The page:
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« Koji the Magnificent | Main | 0-0: First Pitches, Much About Something »
Tuesday
Sep102013

Craig Kimbrel's fastball dominant once more

The Atlanta Braves have all but run away with the National League East title with just two weeks and change remaining in the regular season, putting themselves in prime position to capture the league's No. 1 overall postseason seed in the process. To no surprise, a key reason for their success has come from the recent resurgance of 25-year-old phenom closer Craig Kimbrel.

A season ago, Kimbrel made a legitimate run at NL MVP honors in posting a 1.01 ERA, 0.65 WHIP and 50.2 percent strikeout rate over 63 appearances -- each of which ranked No. 1 among NL relievers with at least 40 innings pitched. One could argue (though probably not convincingly) he is having an even better 2013 campaign, holding true to a 0.91 ERA and 0.84 WHIP and 38 percent strikeout rate in 60 appearances.

But it's taken a prolonged herculean effort on Kimbrel's part to maintain such impressive numbers once more this season. After posting a 1.72 ERA from the beginning of the season through July 4, a span in which opponents batted .198/.288/.324 against him, Kimbrel has yet to relinquish a run -- earned or unearned -- since his first appearance following his Independence Day outing.

You can look up the game logs on your own, if you so wish, but I'll save you some time and tell you that comes out to be a stretch of 28.1 innings in which opponents have yet to cross home plate against Kimbrel. Over that span, he's held batters to a paltry .115/.167/.135 slash line, punching out 41 percent of his competition in the meanwhile.

A number of things have helped contribute to Kimbrel's ridiculous two-month scoreless run, but none offer a more thorough explanation than opponents' plate discipline regressions against his fastball.

Comparing opponents' plate discipline rates vs. Kimbrel's fastball in 2013

 

Zone%

Swing%

Chase%

In play%

Well-hit avg.

April 1- July 4

57.0%

47.3%

21.3%

29.1%

.188

July 8 - Sept. 10

52.1%

53.4%

38.6%

30.1%

.113

The most prominent lapse in opponents' plate discipline against Kimbrel's fastball has been their significantly increased willingness to A.) swing at the offering more frequently, shown by a 6.1 percent swing rate increase and B.) offer at it more often when located out of the strike zone -- evidenced through a 16.4 percent increase in chase rate from his pre-scoreless streak to his current scoreless rampage.

To that end, it should come as no surprise that opponents' well-hit average has dipped to nearly the .100 mark against his fastball since his scoreless streak began back on July 8. Generally speaking, it is much more difficult for a batter to place quality contact on an offering that is located out of the strike zone than it is to do so on one that is placed within the zone. In fact, the league average WHAV for fastballs in the zone this season is .258; the league average WHAV for fastballs out of the zone is a mere .103. You get my point.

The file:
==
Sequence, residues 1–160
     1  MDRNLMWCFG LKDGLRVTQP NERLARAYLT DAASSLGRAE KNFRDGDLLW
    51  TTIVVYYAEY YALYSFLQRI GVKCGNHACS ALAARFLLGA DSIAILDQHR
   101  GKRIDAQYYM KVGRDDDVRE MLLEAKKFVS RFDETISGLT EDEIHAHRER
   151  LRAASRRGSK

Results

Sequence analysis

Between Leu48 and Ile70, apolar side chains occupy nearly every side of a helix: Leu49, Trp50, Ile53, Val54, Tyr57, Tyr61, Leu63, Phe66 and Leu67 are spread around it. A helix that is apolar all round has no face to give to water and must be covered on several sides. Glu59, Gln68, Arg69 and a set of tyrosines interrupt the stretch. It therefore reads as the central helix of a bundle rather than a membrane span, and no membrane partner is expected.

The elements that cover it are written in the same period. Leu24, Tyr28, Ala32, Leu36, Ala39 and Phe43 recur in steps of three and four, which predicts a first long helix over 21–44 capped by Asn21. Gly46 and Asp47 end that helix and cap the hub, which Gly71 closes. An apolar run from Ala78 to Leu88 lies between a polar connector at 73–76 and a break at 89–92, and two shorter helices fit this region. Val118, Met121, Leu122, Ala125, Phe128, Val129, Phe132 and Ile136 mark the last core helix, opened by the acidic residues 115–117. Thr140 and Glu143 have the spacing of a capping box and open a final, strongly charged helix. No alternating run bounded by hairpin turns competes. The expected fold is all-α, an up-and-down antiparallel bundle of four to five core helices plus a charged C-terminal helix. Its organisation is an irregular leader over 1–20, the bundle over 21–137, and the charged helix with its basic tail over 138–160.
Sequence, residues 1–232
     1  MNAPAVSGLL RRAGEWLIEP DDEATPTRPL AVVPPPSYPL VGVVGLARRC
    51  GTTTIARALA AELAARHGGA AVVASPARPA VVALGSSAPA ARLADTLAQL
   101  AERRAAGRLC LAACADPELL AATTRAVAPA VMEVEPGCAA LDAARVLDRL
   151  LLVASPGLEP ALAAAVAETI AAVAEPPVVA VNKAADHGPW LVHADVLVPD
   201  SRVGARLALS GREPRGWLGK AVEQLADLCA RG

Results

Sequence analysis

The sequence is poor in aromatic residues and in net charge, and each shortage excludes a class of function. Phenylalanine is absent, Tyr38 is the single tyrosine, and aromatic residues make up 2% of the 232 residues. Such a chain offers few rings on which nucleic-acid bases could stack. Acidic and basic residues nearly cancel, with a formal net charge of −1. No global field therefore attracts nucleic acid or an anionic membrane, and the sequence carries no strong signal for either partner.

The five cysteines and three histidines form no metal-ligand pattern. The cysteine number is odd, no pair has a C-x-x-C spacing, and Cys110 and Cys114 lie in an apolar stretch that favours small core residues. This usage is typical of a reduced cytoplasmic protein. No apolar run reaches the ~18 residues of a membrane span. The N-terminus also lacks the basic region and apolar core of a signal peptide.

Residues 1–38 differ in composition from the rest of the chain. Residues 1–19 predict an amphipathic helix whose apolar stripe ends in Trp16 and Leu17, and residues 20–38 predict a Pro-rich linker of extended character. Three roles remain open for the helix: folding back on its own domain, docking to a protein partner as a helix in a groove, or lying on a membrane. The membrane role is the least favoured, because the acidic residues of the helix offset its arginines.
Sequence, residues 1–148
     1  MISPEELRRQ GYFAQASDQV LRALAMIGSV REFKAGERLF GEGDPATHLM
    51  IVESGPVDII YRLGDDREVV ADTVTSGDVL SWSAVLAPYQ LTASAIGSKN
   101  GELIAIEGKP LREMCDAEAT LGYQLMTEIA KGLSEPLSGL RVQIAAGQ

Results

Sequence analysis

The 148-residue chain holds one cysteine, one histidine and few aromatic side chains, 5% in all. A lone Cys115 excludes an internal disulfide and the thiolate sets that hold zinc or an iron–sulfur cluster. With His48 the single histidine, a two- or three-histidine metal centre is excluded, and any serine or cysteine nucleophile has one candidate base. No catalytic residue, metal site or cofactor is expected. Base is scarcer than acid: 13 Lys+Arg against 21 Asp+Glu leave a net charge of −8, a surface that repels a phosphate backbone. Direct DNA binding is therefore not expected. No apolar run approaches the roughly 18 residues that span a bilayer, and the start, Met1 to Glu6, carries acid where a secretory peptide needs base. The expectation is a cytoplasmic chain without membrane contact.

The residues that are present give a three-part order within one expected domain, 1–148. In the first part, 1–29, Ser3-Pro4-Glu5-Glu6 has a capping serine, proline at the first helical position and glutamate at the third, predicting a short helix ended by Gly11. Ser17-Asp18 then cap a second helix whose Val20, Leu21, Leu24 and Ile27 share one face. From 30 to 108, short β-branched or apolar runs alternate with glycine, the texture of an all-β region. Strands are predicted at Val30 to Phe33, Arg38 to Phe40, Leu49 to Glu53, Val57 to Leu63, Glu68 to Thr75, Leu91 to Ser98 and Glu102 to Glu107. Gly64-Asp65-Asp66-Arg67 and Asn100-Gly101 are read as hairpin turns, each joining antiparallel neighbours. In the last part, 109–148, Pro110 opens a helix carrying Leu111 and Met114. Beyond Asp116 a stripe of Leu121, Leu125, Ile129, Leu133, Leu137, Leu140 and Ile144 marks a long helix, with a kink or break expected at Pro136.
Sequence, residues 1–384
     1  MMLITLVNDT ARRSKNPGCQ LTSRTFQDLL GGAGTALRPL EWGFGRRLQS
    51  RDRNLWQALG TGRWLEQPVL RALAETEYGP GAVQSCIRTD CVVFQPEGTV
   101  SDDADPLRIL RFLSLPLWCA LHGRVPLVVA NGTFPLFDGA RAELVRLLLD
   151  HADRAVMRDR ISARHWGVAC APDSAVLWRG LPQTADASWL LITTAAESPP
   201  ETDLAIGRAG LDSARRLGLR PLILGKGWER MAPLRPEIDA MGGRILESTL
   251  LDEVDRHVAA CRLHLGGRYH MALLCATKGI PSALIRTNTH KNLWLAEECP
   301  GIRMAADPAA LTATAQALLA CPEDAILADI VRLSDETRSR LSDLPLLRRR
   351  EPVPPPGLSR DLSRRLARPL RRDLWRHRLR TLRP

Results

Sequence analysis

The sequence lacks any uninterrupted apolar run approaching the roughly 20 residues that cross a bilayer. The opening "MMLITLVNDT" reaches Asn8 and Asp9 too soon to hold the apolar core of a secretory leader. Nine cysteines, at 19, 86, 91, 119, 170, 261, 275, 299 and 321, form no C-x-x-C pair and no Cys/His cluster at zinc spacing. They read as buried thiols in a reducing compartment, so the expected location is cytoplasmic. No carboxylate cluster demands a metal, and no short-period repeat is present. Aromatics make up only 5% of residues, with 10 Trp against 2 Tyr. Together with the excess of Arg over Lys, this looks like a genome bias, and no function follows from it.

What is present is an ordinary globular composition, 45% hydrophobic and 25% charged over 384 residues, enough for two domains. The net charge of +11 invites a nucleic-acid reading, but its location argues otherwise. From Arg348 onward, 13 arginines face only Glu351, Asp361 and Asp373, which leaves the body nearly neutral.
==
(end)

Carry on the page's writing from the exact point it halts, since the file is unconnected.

But raw numbers only paint a portion of the picture. A visual representation is necessary to understand why opponents' plate discipline issues have increased.

Kimbrel fastball pitch frequency, April 1 - July 4

Opponents' chase rate vs. Kimbrel's fastball, April 1 - July 4

Kimbrel fastball pitch frequency, July 8 - September 10

Opponents' chase rate vs. Kimbrel's fastball, July 8 - September 10

What we can take away from the chase rate heat maps pictured above is that opponents have been much more willing to swing at Kimbrel's fastball, particularly when located above the strike zone. This is a surefire product of his changing fastball command, which has shifted to the upper and inner portion of the zone, the latter portion applied especially against right-handed batters.

  • Prior to his current scoreless streak, Kimbrel threw his fastball in the upper half of the zone at a 33.5 percent clip, increasing it to 37.3 percent during his streak. He's also thrown more fastballs on the inner half of the plate -- 28.9 percent from April 1 to July 4 compared to 33.2 percent from July 8 to September 10.
  • Notably, Kimbrel's fastball has also added a tick in velocity onto it during his streak, clocking in at 97.2 MPH on average juxtaposed to his 96.5 MPH average prior to his streak. This increase in velocity, coupled with his command adjustments, are the likely culprits for opponents' plate discipline issues. Locating higher in the zone with increased velocity is a definite recipe for his fastball success.

Best of luck if you're facing Kimbrel in the ninth inning from here on out. You'll need it.

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